Thousands of protesters disrupt traffic in India's financial capital_South Asia_Asia Pacific Daily

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Thousands of protesters disrupt traffic in India's financial capital

South Asia2017-08-10

More than 200,000 protesters poured into India's financial capital on Wednesday, disrupting traffic and straining the railway network, to press their demands for reserved quotas in government jobs and college places for students.Rising unemployment and falling farm incomes are driving farming communities across India, from the state of Haryana in the north to Gujarat in the west, to redouble calls for reservations in jobs and education."Farming is no longer profitable and jobs are not available," said one protester, Pradip Munde, a farmer from Osmanabad, a town more than 400 km (250 miles) southeast of Mumbai. "Reservation can ensure us better education and jobs."Two-thirds of India's population of 1.3 billion depend on farming for their livelihood, but the sector makes up just 14 percent of gross domestic product, reflecting a growing divide between the countryside and increasingly well-off cities.Young people and senior citizens of western India's Maratha community waved saffron flags in a protest police said was free of incidents of violence, with more than 10,000 policemen on guard amid an estimated turnout of 200,000 demonstrators.Traffic came to a halt in many parts of the business district, while protesters jammed suburban trains.It was the concluding protest of a series of 57 marches last year across the surrounding western state of Maharashtra, organized by the state's Maratha community to press its demands.The city's famed dabbawalas, who deliver packed lunches to hundreds working in offices across Mumbai, suspended operations for the day, as did schools in the affected area.(REUTERS)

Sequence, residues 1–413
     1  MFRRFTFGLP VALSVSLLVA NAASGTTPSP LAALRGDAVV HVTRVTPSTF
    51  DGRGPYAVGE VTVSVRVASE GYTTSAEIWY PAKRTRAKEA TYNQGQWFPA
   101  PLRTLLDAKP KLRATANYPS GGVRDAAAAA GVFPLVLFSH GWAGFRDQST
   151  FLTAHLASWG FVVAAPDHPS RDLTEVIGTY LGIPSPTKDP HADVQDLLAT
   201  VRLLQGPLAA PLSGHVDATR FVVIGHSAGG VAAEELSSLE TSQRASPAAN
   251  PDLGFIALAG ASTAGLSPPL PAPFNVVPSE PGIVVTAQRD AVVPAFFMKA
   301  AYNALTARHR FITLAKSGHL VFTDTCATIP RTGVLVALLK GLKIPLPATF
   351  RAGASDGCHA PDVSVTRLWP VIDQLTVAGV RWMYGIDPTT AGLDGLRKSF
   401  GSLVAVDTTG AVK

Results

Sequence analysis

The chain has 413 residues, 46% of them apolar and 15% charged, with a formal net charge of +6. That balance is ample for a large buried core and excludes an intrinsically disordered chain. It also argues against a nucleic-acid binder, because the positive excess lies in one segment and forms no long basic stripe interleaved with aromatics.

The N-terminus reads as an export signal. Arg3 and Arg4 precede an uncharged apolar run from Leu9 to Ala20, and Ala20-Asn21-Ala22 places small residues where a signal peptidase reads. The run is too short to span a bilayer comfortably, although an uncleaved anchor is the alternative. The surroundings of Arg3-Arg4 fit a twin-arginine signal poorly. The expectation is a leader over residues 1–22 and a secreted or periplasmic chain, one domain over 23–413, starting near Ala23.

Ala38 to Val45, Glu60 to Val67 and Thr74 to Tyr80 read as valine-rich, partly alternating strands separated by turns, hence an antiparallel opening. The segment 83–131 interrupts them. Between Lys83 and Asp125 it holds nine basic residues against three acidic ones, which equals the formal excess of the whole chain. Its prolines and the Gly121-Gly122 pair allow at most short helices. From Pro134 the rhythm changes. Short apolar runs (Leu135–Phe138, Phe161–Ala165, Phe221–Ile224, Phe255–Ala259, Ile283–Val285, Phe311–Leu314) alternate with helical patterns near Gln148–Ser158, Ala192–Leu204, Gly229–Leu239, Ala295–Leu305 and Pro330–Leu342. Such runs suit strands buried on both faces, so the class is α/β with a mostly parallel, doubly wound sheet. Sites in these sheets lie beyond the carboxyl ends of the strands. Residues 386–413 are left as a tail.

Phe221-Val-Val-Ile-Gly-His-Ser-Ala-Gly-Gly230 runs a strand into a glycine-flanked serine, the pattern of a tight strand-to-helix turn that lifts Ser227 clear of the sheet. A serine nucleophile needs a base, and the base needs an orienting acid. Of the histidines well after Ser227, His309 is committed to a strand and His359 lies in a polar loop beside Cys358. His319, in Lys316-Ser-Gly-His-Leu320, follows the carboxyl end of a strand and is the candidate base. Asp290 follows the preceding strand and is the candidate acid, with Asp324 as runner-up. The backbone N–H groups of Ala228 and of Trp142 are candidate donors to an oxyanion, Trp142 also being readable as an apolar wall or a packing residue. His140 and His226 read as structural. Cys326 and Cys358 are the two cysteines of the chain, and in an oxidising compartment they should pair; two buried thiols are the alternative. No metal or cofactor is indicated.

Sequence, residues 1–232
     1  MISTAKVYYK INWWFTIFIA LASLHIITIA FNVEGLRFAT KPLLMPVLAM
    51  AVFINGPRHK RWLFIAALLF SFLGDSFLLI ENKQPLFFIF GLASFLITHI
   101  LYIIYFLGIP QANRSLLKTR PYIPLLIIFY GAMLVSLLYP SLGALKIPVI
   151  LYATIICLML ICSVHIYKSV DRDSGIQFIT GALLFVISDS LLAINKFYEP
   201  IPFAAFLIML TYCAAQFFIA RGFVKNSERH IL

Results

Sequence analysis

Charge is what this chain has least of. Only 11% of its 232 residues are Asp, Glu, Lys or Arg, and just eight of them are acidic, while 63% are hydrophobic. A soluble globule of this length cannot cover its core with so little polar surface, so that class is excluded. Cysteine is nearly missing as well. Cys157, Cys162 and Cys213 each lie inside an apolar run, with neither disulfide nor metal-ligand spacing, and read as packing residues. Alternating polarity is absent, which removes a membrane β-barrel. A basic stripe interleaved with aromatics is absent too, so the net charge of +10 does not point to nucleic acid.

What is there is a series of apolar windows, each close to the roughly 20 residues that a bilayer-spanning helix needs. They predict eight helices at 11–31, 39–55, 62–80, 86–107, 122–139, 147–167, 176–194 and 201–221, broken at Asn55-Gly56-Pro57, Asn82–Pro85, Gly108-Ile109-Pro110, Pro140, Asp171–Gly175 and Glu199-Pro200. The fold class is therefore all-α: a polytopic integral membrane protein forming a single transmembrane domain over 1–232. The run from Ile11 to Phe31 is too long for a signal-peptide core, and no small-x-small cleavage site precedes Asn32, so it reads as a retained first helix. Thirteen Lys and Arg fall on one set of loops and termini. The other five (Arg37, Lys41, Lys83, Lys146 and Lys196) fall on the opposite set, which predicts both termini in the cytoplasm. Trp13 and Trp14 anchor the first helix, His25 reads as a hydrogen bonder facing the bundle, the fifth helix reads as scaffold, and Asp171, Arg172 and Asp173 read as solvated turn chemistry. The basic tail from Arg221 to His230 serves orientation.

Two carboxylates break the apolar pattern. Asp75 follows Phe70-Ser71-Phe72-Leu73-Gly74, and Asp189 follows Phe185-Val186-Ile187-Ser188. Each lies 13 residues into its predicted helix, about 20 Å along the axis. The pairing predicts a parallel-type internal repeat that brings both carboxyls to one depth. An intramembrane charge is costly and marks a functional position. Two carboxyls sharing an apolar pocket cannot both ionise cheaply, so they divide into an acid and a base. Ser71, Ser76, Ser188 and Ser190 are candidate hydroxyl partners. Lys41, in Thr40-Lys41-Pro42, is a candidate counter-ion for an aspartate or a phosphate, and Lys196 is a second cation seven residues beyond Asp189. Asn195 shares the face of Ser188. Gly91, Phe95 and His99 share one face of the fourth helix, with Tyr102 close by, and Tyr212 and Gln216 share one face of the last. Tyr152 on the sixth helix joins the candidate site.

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More than 200,000 protesters poured into India's financial capital on Wednesday, disrupting traffic and straining the railway network, to press their demands for reserved quotas in government jobs and college places for students.

Rising unemployment and falling farm incomes are driving farming communities across India, from the state of Haryana in the north to Gujarat in the west, to redouble calls for reservations in jobs and education.

"Farming is no longer profitable and jobs are not available," said one protester, Pradip Munde, a farmer from Osmanabad, a town more than 400 km (250 miles) southeast of Mumbai. "Reservation can ensure us better education and jobs."

Two-thirds of India's population of 1.3 billion depend on farming for their livelihood, but the sector makes up just 14 percent of gross domestic product, reflecting a growing divide between the countryside and increasingly well-off cities.

Young people and senior citizens of western India's Maratha community waved saffron flags in a protest police said was free of incidents of violence, with more than 10,000 policemen on guard amid an estimated turnout of 200,000 demonstrators.

Traffic came to a halt in many parts of the business district, while protesters jammed suburban trains.

It was the concluding protest of a series of 57 marches last year across the surrounding western state of Maharashtra, organized by the state's Maratha community to press its demands.

The city's famed dabbawalas, who deliver packed lunches to hundreds working in offices across Mumbai, suspended operations for the day, as did schools in the affected area.


(REUTERS)


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